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Feed the Future

FEED THE FUTURE INNOVATION LAB FOR LIVESTOCK SYSTEMS

FEED THE FUTURE INNOVATION LAB FOR LIVESTOCK SYSTEMS

Human Health, Food Safety, Diets & Nutrition

The goal of improving human health and nutrition through research in the livestock system inspires us to conduct research that can impact the lives of people living in low- and middle-income countries. Human growth and development are complex, multifactorial processes, and no single intervention can adequately address all underlying causes of impairment. We distinguish two areas of research related to animal-source foods (ASF).

1. Safe livestock production and food safety

Previous research addressed pathogens and toxic substances in human food and livestock feed, the costs of foodborne disease, risk assessments, and risk prevention and mitigation. Impaired childhood growth and development can be due to increased exposure to diarrhea-causing pathogens that originate from livestock reservoirs which are increasingly recognized as causative agents of Environmental Enteric Dysfunction (EED). Phase II research will seek to improve the safety of ASF from production to consumption. We emphasize a One Health approach to Water Sanitation and Hygiene (WaSH) that includes reducing exposure to livestock-borne pathogens. We pursue the following research areas:

  • Human-livestock interactions: Research to better understand and mitigate the risks of human-livestock cohabitation in smallholder households. This will include: 1) source attribution studies to better understand and quantify the contribution of different livestock species to exposure of children to enteric pathogens; 2) comparative exposure and risk assessment studies; 3) intervention trials of cost-effective and sustainable methods of separating children from livestock and their excreta, and 4) studies on how collection and use of livestock manure as a resource in smallholder settings contributes to reducing exposure of children to pathogens.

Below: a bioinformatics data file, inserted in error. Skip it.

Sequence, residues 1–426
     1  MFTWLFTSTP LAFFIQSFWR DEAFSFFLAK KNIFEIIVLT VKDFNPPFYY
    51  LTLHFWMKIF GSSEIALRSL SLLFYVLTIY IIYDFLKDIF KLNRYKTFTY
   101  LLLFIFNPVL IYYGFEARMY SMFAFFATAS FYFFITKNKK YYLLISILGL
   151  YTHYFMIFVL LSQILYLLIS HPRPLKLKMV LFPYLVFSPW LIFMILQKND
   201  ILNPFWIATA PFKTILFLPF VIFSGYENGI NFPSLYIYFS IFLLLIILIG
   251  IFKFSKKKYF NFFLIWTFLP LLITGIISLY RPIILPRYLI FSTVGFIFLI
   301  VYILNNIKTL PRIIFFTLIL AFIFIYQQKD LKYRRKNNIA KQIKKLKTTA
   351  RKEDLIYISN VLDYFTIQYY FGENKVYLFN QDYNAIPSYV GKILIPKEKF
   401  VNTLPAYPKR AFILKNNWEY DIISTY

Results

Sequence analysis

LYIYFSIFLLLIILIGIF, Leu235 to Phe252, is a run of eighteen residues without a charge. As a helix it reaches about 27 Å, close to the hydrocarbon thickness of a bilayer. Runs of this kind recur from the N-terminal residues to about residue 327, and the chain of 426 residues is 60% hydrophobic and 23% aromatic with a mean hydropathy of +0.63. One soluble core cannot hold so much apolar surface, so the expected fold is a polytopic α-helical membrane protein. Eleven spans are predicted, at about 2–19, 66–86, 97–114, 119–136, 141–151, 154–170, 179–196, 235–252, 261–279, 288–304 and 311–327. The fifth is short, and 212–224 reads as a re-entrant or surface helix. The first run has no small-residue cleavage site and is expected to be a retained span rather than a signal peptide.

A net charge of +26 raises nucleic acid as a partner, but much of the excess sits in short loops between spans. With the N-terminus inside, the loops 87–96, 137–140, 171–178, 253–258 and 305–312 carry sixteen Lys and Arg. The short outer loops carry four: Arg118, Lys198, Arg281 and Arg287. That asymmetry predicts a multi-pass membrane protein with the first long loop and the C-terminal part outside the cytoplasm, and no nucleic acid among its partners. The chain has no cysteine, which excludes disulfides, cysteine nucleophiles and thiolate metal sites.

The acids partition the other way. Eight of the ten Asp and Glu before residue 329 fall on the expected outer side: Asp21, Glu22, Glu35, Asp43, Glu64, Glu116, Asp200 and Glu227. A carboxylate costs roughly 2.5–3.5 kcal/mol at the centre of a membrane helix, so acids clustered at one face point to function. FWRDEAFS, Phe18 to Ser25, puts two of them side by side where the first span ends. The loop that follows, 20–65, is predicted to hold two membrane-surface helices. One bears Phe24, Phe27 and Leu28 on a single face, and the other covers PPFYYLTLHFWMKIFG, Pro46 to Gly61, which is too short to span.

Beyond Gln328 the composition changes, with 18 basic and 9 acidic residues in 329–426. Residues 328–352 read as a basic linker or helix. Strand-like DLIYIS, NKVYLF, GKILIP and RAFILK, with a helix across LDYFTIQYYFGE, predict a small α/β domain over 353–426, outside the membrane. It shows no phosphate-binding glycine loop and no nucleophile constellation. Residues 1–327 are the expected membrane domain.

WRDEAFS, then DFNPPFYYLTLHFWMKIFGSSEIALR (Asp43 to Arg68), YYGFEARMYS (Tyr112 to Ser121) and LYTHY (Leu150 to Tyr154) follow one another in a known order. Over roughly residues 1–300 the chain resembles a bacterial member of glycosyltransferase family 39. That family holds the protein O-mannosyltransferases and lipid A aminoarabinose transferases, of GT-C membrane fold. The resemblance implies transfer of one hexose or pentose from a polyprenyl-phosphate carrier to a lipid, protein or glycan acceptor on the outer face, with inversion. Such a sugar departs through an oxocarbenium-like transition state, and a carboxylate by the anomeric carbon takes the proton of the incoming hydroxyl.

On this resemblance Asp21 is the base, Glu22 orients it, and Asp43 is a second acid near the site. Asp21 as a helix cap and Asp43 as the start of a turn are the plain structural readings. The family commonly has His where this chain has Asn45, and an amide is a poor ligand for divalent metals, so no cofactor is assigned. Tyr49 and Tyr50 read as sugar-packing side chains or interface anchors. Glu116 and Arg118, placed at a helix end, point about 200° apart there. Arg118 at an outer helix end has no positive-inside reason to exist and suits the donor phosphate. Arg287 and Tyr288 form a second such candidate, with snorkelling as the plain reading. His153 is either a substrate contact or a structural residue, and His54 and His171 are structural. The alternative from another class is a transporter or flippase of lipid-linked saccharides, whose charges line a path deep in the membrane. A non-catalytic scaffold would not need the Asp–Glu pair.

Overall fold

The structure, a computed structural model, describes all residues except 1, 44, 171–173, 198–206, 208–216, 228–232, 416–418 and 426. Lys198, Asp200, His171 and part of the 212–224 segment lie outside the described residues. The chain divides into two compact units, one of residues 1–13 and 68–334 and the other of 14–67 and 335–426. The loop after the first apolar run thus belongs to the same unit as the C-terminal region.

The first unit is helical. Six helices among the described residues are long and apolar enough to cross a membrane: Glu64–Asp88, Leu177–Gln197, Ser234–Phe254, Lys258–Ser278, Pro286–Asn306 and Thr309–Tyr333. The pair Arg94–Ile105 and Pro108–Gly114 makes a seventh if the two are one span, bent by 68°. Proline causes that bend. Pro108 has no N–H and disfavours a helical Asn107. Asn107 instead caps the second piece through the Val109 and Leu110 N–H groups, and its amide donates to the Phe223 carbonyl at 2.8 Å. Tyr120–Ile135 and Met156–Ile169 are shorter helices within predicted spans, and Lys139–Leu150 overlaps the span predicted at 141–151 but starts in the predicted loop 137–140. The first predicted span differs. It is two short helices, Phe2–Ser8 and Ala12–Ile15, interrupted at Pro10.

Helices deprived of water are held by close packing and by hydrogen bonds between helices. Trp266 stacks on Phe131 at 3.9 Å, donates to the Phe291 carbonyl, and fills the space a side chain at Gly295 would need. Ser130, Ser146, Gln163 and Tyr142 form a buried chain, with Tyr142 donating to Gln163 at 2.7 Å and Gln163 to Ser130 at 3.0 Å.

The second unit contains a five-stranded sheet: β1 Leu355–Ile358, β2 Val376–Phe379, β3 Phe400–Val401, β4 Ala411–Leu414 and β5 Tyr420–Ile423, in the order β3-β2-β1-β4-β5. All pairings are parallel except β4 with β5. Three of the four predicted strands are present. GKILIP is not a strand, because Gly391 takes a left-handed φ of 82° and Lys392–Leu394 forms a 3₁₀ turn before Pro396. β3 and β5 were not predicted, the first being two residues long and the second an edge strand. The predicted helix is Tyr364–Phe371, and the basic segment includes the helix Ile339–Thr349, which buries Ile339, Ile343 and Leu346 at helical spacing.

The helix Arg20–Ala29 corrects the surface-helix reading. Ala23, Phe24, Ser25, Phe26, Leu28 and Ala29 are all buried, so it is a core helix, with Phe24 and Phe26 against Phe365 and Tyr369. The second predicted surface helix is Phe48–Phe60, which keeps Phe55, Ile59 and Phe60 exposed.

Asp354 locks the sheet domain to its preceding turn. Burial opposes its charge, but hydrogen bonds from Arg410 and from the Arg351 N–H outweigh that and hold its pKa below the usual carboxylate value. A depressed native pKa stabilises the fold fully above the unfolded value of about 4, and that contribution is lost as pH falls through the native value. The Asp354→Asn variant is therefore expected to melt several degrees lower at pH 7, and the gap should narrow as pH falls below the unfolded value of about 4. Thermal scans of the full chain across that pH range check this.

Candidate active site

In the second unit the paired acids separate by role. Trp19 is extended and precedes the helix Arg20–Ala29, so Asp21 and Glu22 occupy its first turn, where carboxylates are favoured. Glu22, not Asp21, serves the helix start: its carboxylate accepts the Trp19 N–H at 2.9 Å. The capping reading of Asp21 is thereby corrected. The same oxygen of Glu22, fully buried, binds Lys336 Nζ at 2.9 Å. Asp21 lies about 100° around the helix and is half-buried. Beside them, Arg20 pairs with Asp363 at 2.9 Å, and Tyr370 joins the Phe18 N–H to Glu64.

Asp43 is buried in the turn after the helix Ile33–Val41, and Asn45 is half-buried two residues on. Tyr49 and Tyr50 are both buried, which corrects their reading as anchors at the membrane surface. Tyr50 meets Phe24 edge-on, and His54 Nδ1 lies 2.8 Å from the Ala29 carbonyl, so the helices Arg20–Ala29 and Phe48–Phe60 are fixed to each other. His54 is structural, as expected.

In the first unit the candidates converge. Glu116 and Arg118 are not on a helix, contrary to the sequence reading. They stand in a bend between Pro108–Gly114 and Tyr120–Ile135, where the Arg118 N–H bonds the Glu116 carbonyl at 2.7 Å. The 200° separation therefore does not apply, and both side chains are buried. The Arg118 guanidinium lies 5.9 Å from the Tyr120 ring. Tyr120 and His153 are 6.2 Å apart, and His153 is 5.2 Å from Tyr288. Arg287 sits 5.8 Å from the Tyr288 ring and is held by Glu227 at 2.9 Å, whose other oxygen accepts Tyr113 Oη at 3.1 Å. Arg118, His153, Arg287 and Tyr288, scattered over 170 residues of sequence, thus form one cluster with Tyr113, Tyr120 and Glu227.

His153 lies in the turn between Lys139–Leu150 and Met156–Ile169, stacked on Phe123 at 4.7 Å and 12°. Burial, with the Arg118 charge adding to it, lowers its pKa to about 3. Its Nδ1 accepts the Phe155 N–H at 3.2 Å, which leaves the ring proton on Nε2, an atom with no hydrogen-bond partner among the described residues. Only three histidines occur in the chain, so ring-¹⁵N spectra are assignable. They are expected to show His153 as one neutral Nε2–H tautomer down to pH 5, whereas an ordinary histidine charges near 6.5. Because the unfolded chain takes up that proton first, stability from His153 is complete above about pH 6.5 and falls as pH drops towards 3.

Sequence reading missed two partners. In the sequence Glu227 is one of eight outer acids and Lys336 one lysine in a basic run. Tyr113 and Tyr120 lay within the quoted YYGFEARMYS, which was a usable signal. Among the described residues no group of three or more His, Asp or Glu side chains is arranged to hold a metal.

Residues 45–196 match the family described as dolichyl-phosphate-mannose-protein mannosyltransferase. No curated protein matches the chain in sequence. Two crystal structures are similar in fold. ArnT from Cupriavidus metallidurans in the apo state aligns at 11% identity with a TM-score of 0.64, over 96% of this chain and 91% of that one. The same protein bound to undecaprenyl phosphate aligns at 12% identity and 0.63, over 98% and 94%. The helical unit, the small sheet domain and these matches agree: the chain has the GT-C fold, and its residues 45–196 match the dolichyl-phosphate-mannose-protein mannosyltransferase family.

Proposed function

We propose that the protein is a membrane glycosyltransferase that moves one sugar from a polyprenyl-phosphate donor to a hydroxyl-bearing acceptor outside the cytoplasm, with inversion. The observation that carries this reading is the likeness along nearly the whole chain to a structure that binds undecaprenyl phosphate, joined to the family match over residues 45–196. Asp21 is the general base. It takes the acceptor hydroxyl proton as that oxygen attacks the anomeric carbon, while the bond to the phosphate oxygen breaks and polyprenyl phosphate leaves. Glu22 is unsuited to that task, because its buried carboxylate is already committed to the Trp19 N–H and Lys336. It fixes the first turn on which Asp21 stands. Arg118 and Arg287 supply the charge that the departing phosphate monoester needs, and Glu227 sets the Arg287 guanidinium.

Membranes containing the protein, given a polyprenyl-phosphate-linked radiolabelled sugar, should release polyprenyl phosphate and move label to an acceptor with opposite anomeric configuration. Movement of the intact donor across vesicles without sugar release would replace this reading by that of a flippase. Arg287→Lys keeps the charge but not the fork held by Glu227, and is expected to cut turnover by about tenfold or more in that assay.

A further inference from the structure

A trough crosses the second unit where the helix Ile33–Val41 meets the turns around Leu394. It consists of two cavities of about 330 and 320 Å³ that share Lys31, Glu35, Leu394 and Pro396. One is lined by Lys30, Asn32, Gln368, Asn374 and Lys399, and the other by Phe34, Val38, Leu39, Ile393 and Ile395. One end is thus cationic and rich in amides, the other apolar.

• Food safety: Research to assess the risks and propose and test culturally appropriate interventions to improve the microbial safety of ASF that are consumed raw or with inadequate processing for safety, as well as ready-to-eat ASF. Pathogens of concern are primarily bacteria and protozoa with putative animal reservoirs, but we will also examine pathogens with exclusively human reservoirs because ASF contamination can occur during intensive handling throughout the value chain.
  • Risk assessment: Building on Phase I results, we will seek to integrate existing data into risk assessments that may support deriving appropriate standards for safe levels of aflatoxins in animal feeds, milk, and other dairy products. Application of US or European standards may be inappropriate for target countries; yet, these are used given the absence of country specific standards. Our approach will allow countries to come up with more relevant and feasible standards while taking a perspective that balances the risks for animal and human health with the nutritional benefits of these products, particularly for vulnerable groups.

2. Consumption, dietary diversity and adequacy